Review – Minabo: A Walk Through Life

Is there such a thing as “too much creativity”? Can a game suffer from being way too out there in its premise and execution? We constantly complain about how the AAA spectrum is generic, full of repeated ideas in order to appeal to the biggest common denominator possible, and how the indiesphere is where creativity and neat ideas blossom, but I’m here today to showcase a textbook example of an indie game being so far out there to the point of becoming boring and pointless. This is the sad story of Minabo: A Walk Through Life.

Minabo Name

He totally looks like a Barry.

Picture a weird premise for a game. C’mon, I’ll give you a minute. Alright, you’re done? Well, no matter what the hell you came up with in your mind, Minabo: A Walk Through Life is weirder. The game is a side-scrolling, slice-of-life, social interaction simulator featuring sentient turnips with limbs. You control a turnip from the moment it rises from the ground, up until its demise. The date of said demise depends on the player’s ability to keep it alive. You may be wondering if we need to do that by, I dunno, feeding it and stuff. Nope. As it seems, turnips feed on social interactions with other turnips.

All you do in Minabo: A Walk Through Life is walk to the right and interact with a bunch of turnips in order to fill your three social needs meters. At times, when you’re a little kid turnip, all you’ll really want is to feel loved by your family. When you’re a hormone-filled (I assume) teenage turnip, you may want to make lots of friends. When you grow older, you might want to settle down, meet a special someone and have baby turnips of your own. Your survival largely depends on how well you balance these meters and needs.

Minabo Meters

The fact there is a Physical Contact meter made me imagine turnips doing the ol’ razzle dazzle. So much for calling yourself a wholesome game…

Once more, you do all of this on a side-scrolling manner. Your life is represented as a straight line, which is probably a metaphor for something. Something I just couldn’t be bothered to vibe with, because here’s the kicker: Minabo‘s gameplay loop is boring and pointless.

What we have here is basically the most boring aspect of any chapter in The Sims franchise (keeping the meters at the highest levels possible), but dumbed down and focused on dealing with how utterly needy your turnip is. It needs to be loved, included in groups, and so on, all in this pointless side-scrolling plain. This is what you do: you reach a nearby turnip, check what kind of social meter you need to improve, press the appropriate button, and hope for the best. There might be a small meter that showcases the chances of each outcome, but there’s no strategy involved. Press a button, that’s it. Sometimes you’ll get a message saying you got what you wanted. Other times, you’ll get a negative reaction, and come closer to your demise. Because you’re that thin-skinned.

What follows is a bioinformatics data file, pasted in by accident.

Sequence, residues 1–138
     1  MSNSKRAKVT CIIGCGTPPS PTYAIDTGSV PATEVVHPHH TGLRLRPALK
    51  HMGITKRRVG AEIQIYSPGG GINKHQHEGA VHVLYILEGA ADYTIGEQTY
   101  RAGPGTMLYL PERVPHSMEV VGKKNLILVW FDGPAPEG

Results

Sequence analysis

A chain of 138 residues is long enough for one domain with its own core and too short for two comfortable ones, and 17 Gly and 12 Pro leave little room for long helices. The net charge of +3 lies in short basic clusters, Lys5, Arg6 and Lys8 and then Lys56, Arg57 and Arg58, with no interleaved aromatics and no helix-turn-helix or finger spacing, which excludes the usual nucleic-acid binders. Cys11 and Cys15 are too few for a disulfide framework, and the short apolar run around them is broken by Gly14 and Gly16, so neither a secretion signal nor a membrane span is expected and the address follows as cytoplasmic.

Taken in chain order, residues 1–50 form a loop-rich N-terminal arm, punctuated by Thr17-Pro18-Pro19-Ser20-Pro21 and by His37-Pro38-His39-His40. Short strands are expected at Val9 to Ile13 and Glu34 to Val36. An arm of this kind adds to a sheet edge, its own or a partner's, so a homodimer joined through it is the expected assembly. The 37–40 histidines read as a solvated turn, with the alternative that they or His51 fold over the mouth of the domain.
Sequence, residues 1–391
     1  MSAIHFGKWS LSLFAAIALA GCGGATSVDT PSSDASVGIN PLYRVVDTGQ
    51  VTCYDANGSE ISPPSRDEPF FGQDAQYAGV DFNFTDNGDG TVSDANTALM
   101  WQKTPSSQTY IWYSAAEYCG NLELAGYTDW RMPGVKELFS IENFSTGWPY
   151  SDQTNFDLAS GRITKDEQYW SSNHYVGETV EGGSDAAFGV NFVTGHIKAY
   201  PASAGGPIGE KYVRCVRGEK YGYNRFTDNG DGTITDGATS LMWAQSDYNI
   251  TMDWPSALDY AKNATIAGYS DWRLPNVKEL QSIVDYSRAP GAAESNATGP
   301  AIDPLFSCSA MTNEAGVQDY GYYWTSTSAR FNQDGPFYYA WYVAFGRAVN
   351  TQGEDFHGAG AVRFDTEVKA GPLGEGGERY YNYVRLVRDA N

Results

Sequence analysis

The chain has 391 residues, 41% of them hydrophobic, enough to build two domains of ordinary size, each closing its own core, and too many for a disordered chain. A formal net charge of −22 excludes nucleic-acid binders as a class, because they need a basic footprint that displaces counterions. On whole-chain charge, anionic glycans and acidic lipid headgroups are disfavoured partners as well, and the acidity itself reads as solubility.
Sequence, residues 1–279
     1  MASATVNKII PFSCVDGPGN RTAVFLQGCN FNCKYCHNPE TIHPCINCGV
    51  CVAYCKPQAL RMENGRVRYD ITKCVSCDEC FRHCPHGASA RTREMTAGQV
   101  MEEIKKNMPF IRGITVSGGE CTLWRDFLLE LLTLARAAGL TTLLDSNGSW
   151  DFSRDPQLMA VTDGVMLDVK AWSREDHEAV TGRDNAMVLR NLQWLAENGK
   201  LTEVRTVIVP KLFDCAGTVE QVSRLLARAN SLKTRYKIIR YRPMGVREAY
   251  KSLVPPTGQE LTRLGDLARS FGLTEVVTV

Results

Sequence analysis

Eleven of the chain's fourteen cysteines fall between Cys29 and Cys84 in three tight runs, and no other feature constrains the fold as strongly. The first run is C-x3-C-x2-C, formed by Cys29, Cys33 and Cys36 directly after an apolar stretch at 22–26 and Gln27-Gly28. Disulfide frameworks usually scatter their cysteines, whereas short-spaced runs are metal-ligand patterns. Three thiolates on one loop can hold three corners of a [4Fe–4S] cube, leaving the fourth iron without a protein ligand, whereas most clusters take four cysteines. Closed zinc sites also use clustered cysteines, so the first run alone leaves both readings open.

Minabo Pictures

Sunny looks a bit too grumpy, wrinkly and miserable for an 18 year old.

Finally, to add insult to injury, you don’t move around with a d-pad, or an analog stick. You do that by holding down the X button. Yep, the X button, as if you were accelerating your turnip like an unreliable Pontiac. The damn plant even accelerates as slowly as an old Pontiac. Minabo‘s button placement and controls make no sense, and we’re talking about a game where you use like half a dozen buttons at the most. So not only is the game a surefire borefest, but it controls weirdly as well.

I will try to end this review on a slightly positive note by saying that, despite being pointless, Minabo isn’t exactly ugly to look at. It’s all hand-drawn, cute, and wholesome as hell. Some valiant effort has been put in the game’s visuals, even though some facial expressions make the turnips look more like reject designs from Lovecraft’s unpublished book for toddlers. The music isn’t terrible, either. Not good, but not terrible. There are some Sims-esque voice clips that are cute at first, but get tiresome after a while. The sound mixing is overly loud, on the other hand. Make sure to turn it down upon booting the game up.

Minabo Adulthood

Why does everyone look sad and miserable? Oh wait, they’ve just reached adulthood. Makes sense.

At the end of it, I couldn’t help but just constantly ask myself, “what’s the point of all this?” I will never not appreciate a developer for coming up with a unique premise for a game, but make it fun, or at least moderately coherent for it to justify its existence as a piece of entertainment. Minabo: A Walk Through Life isn’t broken, nor is it poorly made. It’s a well-put game in the technical sense. On the design side of things, this is pointless. I wasn’t having fun with it, I was constantly bored and wondering if could just replay The Sims 2 instead.


Graphics: 7.0

The hand-drawn art style is Minabo‘s highlight, even though some of the characters that show up onscreen look like eldritch horrors.

Gameplay: 3.5

A pointless side-scrolling romp through the life of a socially needy turnip. Hold down the X button to move and then attempt to make social interactions with whoever shows up onscreen. Just why.

Sound: 6.0

The music is a bit repetitive, but it’s not terrible. There are some Sims-esque voice clips that are cute at first, but get tiresome after a while. The sound mixing is overly loud, on the other hand. Make sure to tone it down upon booting the game up.

Fun Factor: 3.0

The novelty wore off in the first few seconds. I am still trying to understand the purpose and the point behind this game.

Final Verdict: 4.5

Minabo: A Walk Through Life is available now on PS4, PS5, Xbox One, Xbox Series X|S, PC, and Nintendo Switch.

Reviewed on PS5.

A copy of Minabo: A Walk Through Life was provided by the publisher.